3. The necessity of enough cryptocurrency to cash out / collateralise orders
4. Low fees / low margin business
5. Improper governance of competing exchanges creating competitive corruption
6. Advertising and marketing the exchange with a unique value proposition

In nearly all industries, the problem of high competition, little value differentiation, low margins and high capital expenditures are a cause of a very small number — often as little as one or two — dominant players with very little in the way of effective competition. Almost never does such an industry involve a more evenly distributed spread of competitive market entrants than this.

It is notable and extremely surprising therefore to find such a large number of competing digital currency exchanges on offer. CoinMarketCap.com, a data and information provider, lists 230 of such exchanges. Out of the top 100 digital currency exchanges, the adjusted (for “accuracy”) daily volume on Monday, December 17, 2018 for the Number 1 market incumbent (OKEx) was $465.8 million with the Number 100 exchange posting $1.45 million of daily average volume. Between the first and the one hundredth placed exchange, an average of $65.9 million of average daily trading volume was posted, with a standard deviation (average variation) of around $98.5 million between each exchange’s average. While the standard deviation, at 149%, may seem very high at first glance, consider that in competing industries, with similar sorts of challenges, there are only one or two properly-established marketplaces of comparable functionality. In the United Kingdom there are five main exchanges: four are part of the Financial Stock Exchange Indexes, and one is separate, called NEX. Among these five exchanges exists a cumulative daily volume of approximately half a trillion British pounds (about $750 billion) wherein 87.8 billion British pounds of average daily volume is present per each exchange varying by approximately the same amount (98%) per exchange. This is across just five exchanges however. If we are extrapolate the digital currency exchanges data and apply it to the London Stock Exchange and vice-versa, we would naturally assume that with just 100 digital currency exchanges on offer, the average standard deviation should be about 20 times as high. In other words, were the volume data to be in any way real on any of the digital currency exchanges, we would expect to see the largest digital currency exchange producing $9.3 billion of average daily volume and the smallest of the 100 producing just $72,500 of average daily volume. This would of course, necessitate a situation similar to that of the London equities indexes, where only 4 or 5 digital currency exchanges were in existence.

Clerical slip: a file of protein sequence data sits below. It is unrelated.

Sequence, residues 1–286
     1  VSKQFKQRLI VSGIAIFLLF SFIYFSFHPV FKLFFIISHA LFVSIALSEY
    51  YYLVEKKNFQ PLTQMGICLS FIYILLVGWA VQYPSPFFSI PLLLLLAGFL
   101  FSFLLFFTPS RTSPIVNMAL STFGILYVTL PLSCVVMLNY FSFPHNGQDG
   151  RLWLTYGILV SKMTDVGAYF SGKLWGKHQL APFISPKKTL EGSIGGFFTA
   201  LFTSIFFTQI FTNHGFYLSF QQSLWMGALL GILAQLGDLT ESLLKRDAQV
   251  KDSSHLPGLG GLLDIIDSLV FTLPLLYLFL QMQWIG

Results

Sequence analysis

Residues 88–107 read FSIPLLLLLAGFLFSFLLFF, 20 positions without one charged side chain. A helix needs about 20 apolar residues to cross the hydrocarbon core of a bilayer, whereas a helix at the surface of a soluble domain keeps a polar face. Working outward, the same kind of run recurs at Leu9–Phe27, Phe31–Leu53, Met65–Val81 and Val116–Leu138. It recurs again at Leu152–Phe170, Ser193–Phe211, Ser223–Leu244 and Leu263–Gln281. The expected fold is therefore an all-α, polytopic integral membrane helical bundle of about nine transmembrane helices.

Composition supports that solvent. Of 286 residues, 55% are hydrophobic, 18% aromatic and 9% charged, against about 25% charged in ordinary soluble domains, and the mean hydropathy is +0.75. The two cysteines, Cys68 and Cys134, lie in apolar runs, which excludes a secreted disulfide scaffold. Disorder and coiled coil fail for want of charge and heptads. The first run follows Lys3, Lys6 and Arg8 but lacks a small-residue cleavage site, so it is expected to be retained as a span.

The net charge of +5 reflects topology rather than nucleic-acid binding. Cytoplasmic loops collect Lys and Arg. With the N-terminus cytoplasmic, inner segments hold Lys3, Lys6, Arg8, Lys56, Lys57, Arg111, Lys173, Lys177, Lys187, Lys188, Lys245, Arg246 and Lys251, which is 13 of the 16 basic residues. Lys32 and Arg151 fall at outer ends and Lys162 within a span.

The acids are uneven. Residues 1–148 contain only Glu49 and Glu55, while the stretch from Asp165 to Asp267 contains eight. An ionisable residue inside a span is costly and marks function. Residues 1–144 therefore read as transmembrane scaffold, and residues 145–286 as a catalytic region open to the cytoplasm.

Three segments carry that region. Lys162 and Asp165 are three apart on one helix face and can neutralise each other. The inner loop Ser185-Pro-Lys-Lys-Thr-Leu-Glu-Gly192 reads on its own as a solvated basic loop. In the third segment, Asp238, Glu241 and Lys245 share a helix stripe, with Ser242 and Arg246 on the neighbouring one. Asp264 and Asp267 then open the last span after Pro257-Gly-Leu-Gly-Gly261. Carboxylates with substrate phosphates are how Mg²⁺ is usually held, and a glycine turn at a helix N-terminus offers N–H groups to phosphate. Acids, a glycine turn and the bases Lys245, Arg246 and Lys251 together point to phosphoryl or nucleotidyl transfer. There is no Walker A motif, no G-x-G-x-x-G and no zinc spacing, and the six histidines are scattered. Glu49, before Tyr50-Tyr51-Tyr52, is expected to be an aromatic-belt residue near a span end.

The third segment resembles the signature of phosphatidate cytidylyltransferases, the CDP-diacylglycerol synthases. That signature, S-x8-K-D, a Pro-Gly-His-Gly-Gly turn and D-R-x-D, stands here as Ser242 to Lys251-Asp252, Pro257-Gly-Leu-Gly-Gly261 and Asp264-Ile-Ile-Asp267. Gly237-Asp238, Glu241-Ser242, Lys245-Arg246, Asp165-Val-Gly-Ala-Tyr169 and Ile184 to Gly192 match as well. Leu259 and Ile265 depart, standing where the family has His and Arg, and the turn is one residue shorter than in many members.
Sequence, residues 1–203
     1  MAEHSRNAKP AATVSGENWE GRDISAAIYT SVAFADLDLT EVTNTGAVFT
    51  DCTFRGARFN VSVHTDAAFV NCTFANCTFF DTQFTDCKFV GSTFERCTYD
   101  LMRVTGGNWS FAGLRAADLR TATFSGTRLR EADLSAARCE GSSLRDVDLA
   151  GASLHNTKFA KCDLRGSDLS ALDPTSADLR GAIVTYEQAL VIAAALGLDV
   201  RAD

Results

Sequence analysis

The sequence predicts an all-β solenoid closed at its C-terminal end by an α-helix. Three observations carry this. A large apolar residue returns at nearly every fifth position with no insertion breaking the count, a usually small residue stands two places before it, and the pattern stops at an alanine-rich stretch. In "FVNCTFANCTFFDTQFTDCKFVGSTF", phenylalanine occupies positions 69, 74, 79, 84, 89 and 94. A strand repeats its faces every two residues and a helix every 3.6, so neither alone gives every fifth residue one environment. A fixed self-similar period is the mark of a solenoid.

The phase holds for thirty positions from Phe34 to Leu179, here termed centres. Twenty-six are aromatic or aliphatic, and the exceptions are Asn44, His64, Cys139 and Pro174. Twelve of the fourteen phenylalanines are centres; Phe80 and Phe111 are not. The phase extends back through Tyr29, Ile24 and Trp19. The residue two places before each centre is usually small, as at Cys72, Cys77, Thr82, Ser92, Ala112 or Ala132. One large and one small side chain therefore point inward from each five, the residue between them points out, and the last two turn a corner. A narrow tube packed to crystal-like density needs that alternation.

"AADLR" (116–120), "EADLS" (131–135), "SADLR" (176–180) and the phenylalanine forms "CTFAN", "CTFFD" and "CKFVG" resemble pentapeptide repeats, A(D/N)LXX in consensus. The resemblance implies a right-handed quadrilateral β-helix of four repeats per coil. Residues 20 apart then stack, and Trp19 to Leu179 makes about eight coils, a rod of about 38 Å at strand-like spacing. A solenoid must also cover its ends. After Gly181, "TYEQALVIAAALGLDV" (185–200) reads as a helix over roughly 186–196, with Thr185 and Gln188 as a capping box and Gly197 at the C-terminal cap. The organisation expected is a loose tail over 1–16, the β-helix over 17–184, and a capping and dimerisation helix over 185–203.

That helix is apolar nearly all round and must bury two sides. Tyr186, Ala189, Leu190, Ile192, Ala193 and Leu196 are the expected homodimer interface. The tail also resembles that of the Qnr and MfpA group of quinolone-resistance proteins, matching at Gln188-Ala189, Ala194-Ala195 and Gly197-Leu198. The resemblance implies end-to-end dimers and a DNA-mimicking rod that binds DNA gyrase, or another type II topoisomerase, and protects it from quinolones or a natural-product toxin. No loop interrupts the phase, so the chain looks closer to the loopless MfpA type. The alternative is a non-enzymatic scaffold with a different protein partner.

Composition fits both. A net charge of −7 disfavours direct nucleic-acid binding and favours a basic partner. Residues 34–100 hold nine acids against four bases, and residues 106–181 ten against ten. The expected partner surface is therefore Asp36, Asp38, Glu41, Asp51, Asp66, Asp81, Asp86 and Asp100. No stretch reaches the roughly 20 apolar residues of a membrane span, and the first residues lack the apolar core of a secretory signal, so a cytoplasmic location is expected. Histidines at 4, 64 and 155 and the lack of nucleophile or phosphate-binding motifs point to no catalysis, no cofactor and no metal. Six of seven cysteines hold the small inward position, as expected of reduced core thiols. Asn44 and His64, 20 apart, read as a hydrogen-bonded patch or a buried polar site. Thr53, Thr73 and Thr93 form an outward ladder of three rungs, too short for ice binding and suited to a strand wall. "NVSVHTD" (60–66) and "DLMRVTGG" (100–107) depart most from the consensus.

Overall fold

Applying this 20x scaling principle backwards however to the digital currency exchanges reveals that the true state of volumes is a somewhat different picture to that depicted on CoinMarketCap.com. OKEx, the largest player, seems to be generating approximately $890 million of exchange volumes, manufacturing more than $16 billion of daily average volumes. Why is there such a large extent of volume manufacture here? Commenters have suggested that the manufacture of volumes by digital currency exchanges is primarily to obtain a higher ranking on CoinMarketCap.com, a leading source of data for the cryptocurrency industry.

Manipulation of Virtual Currency Assets